Archive for April, 2016

For much of his medical career as an ear, nose, and throat (ENT) surgeon, George Tkalych operated a private practice. Armed with years of knowledge from medical school and useful work experience from hospitals in Alabama and Georgia, a young Tkalych knew very early that running a private practice was something he wanted to do. Thanks to a good work ethic and maintaining solid relationships with patients, hospitals, and other medical professionals, he was able to operate the practice for 32 years before retiring in 2011.

George Tkalych

Like George Tkalych, many other medical professionals might be thinking of starting their own practices. It’s not an easy process, plus there are many other professionals to consider in doing so – accountants, health care attorneys, medical consultants.

In modern times, it’s not common to see practices with one or two professionals, mainly because it is expensive to establish a private practice. Additionally, one has to consider the processes involved in dealing with health insurance companies, not to mention navigate their way through health care legislation.

Starting a medical practice

When establishing a small business, you need a business plan, finances, and legal advice. You also have to consider knowing the federal/state regulations and compliance issues. Here are some aspects to think about.

Finances

Medical practitioners who seek to set up a practice need the capital to cover the cost of starting. If you already have medical school debt to think about, then it might be challenging to find more funds. But most importantly, you have to figure out the costs required to set up shop.

Many practices often have to consider the costs of equipment, construction, office space, legal, and consultant services at the beginning. Other expenses to consider include disposable supplies and office furniture. These costs can add up, but it can be money-saving if you don’t establish the practice from scratch. Indeed, it can be less expensive to take over a retiring doctor’s practice than build from the ground up.

Getting the right credentials

For you to accept private or government health insurance, you have to go through a “credentialing” process that can take months. Insurers will want to know about your medical qualifications and whether you have the proper license(s) to practice. They might also want to see malpractice insurance, but this might not be a requirement in all states. But having it will come in handy should a patient sue you.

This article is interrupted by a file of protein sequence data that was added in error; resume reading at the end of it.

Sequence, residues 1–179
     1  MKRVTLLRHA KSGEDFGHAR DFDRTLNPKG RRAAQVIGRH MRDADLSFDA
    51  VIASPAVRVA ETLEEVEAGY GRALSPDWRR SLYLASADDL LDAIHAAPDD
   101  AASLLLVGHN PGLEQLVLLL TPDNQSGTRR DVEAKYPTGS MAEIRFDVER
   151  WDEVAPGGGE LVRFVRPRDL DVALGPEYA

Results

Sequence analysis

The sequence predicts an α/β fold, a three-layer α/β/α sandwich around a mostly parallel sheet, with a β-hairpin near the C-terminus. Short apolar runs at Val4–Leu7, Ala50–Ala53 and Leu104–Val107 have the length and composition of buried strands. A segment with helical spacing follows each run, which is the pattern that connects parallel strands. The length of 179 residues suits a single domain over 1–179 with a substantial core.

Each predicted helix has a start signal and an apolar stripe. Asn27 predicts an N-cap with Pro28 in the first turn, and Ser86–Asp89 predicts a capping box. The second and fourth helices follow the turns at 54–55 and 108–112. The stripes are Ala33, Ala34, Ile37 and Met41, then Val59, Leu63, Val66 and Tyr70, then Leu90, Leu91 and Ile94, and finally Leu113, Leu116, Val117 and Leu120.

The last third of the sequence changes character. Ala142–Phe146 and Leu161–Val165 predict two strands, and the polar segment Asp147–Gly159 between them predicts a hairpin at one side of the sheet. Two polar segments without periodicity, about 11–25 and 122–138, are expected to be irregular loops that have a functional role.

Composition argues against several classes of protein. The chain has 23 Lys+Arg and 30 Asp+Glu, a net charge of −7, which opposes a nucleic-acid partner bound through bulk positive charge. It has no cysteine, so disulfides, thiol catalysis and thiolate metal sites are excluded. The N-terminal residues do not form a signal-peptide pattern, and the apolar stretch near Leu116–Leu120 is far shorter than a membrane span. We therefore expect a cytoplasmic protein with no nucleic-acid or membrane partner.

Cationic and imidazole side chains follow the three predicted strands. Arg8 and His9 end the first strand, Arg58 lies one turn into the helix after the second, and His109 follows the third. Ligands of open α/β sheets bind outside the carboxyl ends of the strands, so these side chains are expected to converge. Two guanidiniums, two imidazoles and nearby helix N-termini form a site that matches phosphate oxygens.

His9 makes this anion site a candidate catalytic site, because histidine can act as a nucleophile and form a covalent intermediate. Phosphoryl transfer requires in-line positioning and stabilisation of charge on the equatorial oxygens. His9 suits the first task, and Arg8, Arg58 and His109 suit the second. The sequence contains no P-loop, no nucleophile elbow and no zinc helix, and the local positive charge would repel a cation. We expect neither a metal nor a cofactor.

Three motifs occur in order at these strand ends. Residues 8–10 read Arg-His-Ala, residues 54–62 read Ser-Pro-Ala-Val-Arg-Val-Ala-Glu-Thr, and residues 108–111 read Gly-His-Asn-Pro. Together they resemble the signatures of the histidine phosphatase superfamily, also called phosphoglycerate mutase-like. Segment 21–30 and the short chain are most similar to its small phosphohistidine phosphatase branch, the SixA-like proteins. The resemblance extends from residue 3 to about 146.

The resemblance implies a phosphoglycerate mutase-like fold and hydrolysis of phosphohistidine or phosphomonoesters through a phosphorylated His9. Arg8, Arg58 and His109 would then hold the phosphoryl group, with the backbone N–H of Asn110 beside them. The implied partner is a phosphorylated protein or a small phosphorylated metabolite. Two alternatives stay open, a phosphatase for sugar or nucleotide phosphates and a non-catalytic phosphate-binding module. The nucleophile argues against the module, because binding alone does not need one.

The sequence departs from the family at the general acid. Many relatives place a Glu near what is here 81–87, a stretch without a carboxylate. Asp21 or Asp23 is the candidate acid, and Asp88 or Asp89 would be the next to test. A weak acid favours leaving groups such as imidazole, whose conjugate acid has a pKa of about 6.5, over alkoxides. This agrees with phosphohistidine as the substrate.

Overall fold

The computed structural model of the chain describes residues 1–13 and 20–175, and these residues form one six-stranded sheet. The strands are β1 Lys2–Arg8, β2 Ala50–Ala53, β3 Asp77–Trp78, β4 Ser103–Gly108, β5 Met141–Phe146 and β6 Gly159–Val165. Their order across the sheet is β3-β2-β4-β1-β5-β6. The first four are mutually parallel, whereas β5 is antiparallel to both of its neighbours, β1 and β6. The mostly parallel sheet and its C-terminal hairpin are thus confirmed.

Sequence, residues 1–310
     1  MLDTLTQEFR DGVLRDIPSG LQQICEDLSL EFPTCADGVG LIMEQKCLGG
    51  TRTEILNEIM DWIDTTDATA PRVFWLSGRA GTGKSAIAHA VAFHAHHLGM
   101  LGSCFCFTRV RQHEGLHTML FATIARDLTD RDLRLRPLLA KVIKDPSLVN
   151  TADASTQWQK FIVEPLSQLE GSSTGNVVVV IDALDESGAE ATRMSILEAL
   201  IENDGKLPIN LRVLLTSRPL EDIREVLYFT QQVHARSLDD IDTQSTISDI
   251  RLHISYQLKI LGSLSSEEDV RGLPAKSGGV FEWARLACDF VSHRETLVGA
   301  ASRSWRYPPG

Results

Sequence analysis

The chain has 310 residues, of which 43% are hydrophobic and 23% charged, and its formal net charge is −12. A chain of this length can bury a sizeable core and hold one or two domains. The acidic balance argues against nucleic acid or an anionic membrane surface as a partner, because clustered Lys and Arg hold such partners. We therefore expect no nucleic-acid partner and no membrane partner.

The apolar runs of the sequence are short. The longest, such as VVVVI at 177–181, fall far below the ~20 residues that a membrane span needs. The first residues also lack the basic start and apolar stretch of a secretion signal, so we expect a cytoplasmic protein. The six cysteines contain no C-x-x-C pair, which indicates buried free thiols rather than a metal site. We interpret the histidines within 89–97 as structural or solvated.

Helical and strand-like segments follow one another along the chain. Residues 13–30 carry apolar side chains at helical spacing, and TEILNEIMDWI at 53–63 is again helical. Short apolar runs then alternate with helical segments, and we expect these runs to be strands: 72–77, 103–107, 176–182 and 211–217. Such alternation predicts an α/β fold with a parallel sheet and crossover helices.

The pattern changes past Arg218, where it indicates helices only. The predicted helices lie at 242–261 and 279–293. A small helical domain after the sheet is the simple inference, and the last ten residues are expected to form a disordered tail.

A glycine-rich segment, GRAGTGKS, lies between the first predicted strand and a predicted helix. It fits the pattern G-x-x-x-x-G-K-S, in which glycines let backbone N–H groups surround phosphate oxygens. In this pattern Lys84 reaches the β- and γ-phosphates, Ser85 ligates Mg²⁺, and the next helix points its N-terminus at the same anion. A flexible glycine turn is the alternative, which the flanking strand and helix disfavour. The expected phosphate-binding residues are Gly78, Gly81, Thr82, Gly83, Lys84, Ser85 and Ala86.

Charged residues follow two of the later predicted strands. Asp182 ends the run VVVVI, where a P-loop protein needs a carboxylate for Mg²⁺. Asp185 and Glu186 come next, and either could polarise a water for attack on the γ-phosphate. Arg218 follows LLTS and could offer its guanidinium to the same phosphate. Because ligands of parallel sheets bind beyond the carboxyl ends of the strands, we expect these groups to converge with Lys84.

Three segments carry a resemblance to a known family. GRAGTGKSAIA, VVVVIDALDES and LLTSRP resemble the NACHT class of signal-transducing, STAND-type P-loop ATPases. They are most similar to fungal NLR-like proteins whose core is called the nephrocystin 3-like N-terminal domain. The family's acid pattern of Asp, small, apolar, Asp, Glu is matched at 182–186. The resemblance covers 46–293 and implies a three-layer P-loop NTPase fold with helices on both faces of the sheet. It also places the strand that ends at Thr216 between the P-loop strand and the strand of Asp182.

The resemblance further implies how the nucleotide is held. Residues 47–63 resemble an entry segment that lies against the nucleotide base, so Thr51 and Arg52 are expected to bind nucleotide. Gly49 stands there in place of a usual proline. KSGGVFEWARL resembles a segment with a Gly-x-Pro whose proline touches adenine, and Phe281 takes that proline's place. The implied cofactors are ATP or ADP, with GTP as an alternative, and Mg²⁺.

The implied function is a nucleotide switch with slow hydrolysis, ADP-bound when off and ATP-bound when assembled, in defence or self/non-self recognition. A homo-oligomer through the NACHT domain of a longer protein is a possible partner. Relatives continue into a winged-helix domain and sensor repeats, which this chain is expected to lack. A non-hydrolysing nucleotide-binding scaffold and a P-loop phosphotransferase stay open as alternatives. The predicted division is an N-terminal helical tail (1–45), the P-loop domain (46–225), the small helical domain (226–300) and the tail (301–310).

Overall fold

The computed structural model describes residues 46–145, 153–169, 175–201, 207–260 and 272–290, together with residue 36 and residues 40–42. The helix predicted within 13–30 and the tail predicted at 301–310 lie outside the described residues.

Legal structure

As a small business, you have to determine the legal structure to adopt for tax purposes and also to determine your level of liability. Many practitioners choose S corporations, where taxes are only paid on personal income gained from the business. It’s advisable to have a health care attorney to provide legal advice and draft the necessary documentation.

For any business person to operate a business for decades is an impressive feat, one that many aspiring entrepreneurs can learn from. George Tkalych, a retired medical professional, operated a private practice for 32 years that specialized in ear, nose and throat (ENT) issues. While his focus was medical, Tkalych was still required to keep some business essentials in mind all through, including keeping some habits at bay that would otherwise affect productivity and success.

George Tkalych

George Tkalych

Habits come from repetition. Pick up a good habit today and chances are that it might help you grow personally or professionally. The reverse is true. Bad business habits can negatively impact the strides your business is making. The following are some to avoid.

Doing everything yourself

Realize early that you can’t do everything on your own. Sure, you can work extra hours, but you likely won’t be able to keep the pace going in the long-term. Find the best people that you can delegate to and trust them to get the job done. Doing this enables you to focus on your strengths and the business can operate better.

Being involved in every decision

Business owners like to be in control, but some aspects of this, like wanting to be a part of every decision made, can slow down progress. It’s frustrating to employees because they may feel that nothing happens without you, which shouldn’t be the case. Ensuring every decision to pass through you is also felt by customers.

Focus on making the high-level, strategic decisions and occasionally provide input on the routine decisions.

Being reactive

Setting your sights on the future of the business is key to long-term success. Unfortunately, not many business owners plan ahead. You have to be strategic in your thinking, as it enables you to foster the right culture and habits that will lead you to your vision. Crafting a vision and goals is something that you have to purposely undertake.

Allowing unproductive actions

While social media has its benefits in making your business visible, it can be unproductive when people spend large amounts of time on it. Some employees can also be unproductive in the name of multitasking, which if done poorly, can lead to people spending too much time on multiple tasks, rather than focusing on the important stuff.

Create a list of the important things you need to do and tackle those first.

Working in fear

One of the worst habits in a business that hinder productivity is fear. Fear of making a decision or stepping on others’ toes can quickly slow down productivity and overall success. Cultivating a culture of fear can take away the focus from business goals.

From experience, George Tkalych knows that removing the negative habits starts with assessing the business. From there, you can identify which habits to exchange for positive ones.